Illinois Insights: An Update from Cozen O’Connor (11/22)
November 22, 2023
November 22, 2023
Editor’s note: There will be no Illinois Insights on Friday, November 24th. Updates will resume on Monday, November.
Governor Pritzker Announces $25.5 Million for CEJA Equitable Energy Future Grants
“Governor JB Pritzker and the Illinois Department of Commerce and Economic Opportunity (DCEO) launched $25.5 million in funding for the Equitable Energy Future Grants Program as part of a larger strategy to equitably grow the clean energy workforce in Illinois through the landmark Climate and Equitable Jobs Act (CEJA),” from the Illinois Department of Commerce.
Pritzker chases every federal dollar with new $1 billion EPA bid
“After winning $14 billion in infrastructure funds, $1 billion to build a Midwest hydrogen hub, and bidding to host the $11 billion National Semiconductor Technology Center, the governor is looking for more. The state is now seeking $1 billion from the Environmental Protection Agency for clean energy projects, according to the group leading the bid,” by Crain’s Chicago Business.
President Joe Biden issues disaster declaration for September rains, allowing federal assistance for south suburbs
“President Joe Biden issued a disaster declaration Monday ordering federal assistance for communities affected by heavy flooding on Sept. 17 and Sept. 18, according to White House statement,” by the Chicago Tribune.
Evanston City Council narrowly adopts zoning for concerts at new Ryan Field
“Northwestern University’s plan for six annual concerts at a rebuilt football stadium passed with Mayor Daniel Biss’ vote as opponents crafted arguments to use in litigation,” by the Chicago Sun-Times.
Illinois Rainy Day fund reaches $2 billion in reserves
“State Comptroller Susana Mendoza deposited $11.5 million into the state’s Rainy Day Fund Monday, totaling to $2.005 billion in the fund,” by WCIA.
New law blocks Illinois lawmakers from running for other office if convicted of certain crimes
“Gov. JB Pritzker signed an ethics reform plan into law Friday that will prohibit state lawmakers from running for office again if they are convicted of certain crimes. The law also creates a task force to review eligibility for public office,” by WAND.
City staffers call for ceasefire
A group of aldermanic and mayoral staffers sent a letter to Mayor Brandon Johnson and members of the City Council Tuesday urging them to support a call for a “ceasefire in Palestine.”
City staffers also stress the need for a “de-escalation of the current conflict by securing the immediate release of the Israeli hostages and arbitrarily detained Palestinians; the restoration of water, fuel, electricity and other basic services; and the passage of adequate humanitarian aid to Gaza.”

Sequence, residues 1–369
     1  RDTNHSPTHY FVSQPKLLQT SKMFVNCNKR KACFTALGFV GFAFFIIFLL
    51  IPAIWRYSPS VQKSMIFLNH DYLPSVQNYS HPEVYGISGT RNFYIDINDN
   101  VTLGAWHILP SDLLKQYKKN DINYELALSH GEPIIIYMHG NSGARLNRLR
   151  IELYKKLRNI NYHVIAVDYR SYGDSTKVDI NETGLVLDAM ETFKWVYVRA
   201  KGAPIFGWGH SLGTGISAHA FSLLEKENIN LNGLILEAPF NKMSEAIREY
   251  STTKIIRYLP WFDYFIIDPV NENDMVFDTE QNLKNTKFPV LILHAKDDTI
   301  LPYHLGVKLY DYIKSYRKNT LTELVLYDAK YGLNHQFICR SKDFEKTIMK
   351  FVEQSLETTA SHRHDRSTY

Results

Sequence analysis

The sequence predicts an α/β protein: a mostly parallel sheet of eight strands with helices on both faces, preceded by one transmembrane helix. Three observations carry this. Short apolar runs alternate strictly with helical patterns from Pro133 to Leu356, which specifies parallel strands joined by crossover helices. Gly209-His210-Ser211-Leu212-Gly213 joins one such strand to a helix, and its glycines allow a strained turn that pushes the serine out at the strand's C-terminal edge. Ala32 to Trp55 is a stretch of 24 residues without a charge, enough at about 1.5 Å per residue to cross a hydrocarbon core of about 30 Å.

Staffers say the situation is urgent as the death toll in Gaza exceeds 12,000 with the majority being children and as the city will be hosting the Democratic National Convention (DNC) next year.
The letter also asks alderpeople to support a resolution (R2023-0005730) introduced earlier this month by Ald. Rossana Rodriguez-Sanchez (33) that has been stuck in the City Council Committee on Committee and Rules.
Asylum-seekers cleared from once-crowded Chicago police station as city begins to enact new policies
“Mayor Brandon Johnson’s administration cleared all asylum-seekers from one of the city’s most crowded police stations over the weekend, a significant move that symbolizes his ongoing pivot on how to handle the humanitarian crisis as winter approaches,” by the Chicago Tribune.
Underfunding In Chicago’s Health Department Hurts Black And Brown Communities Most, Advocates Say
“The department gets most of its money from grants, but experts say more tax dollars are needed to support vital community health programs,” by Block Club Chicago.
Beltway Briefing, Government Funding: A 2024 Problem
In the midst of heated debates and elbows, Congress kicks the “government funding can” down the road by passing a laddered continuing resolution (CR), allowing the government to stay open over the holidays and punting funding negotiations into the new year. Looking ahead to 2024 retirements, redistricting and aspirations for higher office, Washington braces itself for high turnover and a competitive race for control of both chambers. Featuring CPS’ Patrick Martin, Towner French and Kaitlyn Martin.
Listen to the Beltway Briefing here.
If you have any questions regarding this update or if you’re interested in ways to engage on these issues, please contact one of our team members here.
Cozen O’Connor Public Strategies, an affiliate of the international law firm Cozen O’Connor, is a bipartisan government relations practice representing clients before the federal government and in cities and states throughout the country. With offices in Washington D.C., Richmond, Albany, New York City, Philadelphia, Harrisburg, Chicago, and Santa Monica, the firm’s public strategies professionals offer a full complement of government affairs services, including legislative and executive branch advocacy, policy analysis, assistance with government procurement and funding programs, and crisis management. Its client base spans multiple industries, including healthcare, transportation, hospitality, education, construction, energy, real estate, entertainment, financial services, and insurance.
Established in 1970, Cozen O’Connor has over 775 attorneys who help clients manage risk and make better business decisions. The firm counsels clients on their most sophisticated legal matters in all areas of the law, including litigation, corporate, and regulatory law. Representing a broad array of leading global corporations and middle-market companies, Cozen O’Connor serves its clients’ needs through 31 offices across two continents.
February 22, 2024
February 22, 2024